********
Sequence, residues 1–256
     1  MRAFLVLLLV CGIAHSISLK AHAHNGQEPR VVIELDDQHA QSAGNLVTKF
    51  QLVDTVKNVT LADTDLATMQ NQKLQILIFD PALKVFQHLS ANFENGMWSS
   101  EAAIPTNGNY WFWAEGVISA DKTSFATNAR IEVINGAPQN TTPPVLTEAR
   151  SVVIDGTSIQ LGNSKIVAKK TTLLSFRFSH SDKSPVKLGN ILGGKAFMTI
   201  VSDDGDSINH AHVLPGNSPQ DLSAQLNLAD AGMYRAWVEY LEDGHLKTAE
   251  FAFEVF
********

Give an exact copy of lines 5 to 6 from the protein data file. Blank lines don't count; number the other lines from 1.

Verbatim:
   151  SVVIDGTSIQ LGNSKIVAKK TTLLSFRFSH SDKSPVKLGN ILGGKAFMTI
   201  VSDDGDSINH AHVLPGNSPQ DLSAQLNLAD AGMYRAWVEY LEDGHLKTAE